Tiananmen: 27 years on, time for justice for families is slipping away
On the 27th anniversary of the 1989 military crackdown Amnesty International reiterates its call for a thorough inquiry into the 1989 military crackdown and urges the Chinese authorities to guarantee their citizens’ rights to freedom of expression, association and peaceful assembly, which are enshrined in international law and the Universal Declaration of Human Rights and protected in the Chinese Constitution.
The scenes of troops from the People’s Liberation Army (PLA) firing live ammunition on civilians calling for political reforms on 3 and 4 June 1989 in and around Tiananmen Square will not be forgotten by those who saw them. They are captured forever for history in film, photos, and in the memoirs of the survivors. The decision to clear Tiananmen Square with military force was accompanied by a nationwide crackdown that resulted in several bloody incidents and thousands of arrests in the subsequent weeks and months.
Yet the government has never accepted responsibility for the human rights violations during the military crackdown or held any perpetrator legally accountable. With each year that passes, justice becomes ever more elusive for family members of the hundreds if not thousands who were killed or injured in Beijing and across China. Once again, Amnesty International calls on the Chinese authorities to:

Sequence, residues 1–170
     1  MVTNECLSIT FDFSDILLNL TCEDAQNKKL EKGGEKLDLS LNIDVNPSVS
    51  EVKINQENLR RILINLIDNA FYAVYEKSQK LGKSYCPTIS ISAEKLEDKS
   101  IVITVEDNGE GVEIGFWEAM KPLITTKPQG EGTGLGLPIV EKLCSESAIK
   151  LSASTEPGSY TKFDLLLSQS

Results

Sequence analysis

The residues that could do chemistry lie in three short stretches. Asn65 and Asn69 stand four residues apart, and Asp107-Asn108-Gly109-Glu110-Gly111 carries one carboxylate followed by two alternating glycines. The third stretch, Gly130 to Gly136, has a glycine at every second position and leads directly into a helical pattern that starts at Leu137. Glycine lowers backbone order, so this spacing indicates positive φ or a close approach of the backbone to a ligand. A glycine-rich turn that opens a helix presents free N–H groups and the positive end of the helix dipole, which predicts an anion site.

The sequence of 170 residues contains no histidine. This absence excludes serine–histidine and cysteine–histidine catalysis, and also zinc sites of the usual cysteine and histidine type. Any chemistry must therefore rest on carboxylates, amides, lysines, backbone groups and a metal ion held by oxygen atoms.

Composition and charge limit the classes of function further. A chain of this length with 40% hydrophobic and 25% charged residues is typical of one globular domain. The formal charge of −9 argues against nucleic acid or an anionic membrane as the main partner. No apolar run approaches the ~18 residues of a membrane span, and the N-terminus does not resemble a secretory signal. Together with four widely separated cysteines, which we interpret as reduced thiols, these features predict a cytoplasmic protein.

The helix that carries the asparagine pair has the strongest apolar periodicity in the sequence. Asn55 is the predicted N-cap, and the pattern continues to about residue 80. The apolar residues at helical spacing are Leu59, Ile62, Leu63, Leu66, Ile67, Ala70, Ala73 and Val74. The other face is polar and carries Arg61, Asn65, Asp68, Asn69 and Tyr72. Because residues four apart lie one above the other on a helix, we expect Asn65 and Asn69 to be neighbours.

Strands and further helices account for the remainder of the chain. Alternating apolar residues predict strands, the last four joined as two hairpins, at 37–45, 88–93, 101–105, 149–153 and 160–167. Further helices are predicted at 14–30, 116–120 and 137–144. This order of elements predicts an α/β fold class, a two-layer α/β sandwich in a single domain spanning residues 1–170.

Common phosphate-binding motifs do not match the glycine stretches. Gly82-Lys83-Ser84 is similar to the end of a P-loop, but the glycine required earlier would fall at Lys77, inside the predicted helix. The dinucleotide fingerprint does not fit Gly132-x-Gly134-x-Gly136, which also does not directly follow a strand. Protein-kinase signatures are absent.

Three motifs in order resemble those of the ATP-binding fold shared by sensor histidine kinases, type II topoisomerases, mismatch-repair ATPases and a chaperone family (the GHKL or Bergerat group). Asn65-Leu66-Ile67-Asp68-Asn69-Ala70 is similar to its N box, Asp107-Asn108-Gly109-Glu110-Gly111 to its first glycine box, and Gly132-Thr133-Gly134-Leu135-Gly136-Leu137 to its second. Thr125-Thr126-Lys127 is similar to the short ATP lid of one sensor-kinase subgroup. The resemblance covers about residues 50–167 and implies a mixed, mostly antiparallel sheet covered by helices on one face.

- launch an open and independent inquiry into the 1989 military crackdown and hold those responsible for human rights violations accountable;
- publicly acknowledge the human rights violations which occurred and provide an accounting of all those killed and injured during the military crackdown;
- provide appropriate compensation to victims of the crackdown on the 1989 pro-democracy protests, and their families, and;
- cease harassment and prosecution of individuals and immediately release all those detained for exercising their rights to freedom of expression and peaceful assembly including those seeking reassessment of the 1989 Tiananmen protests and commemorating its victims.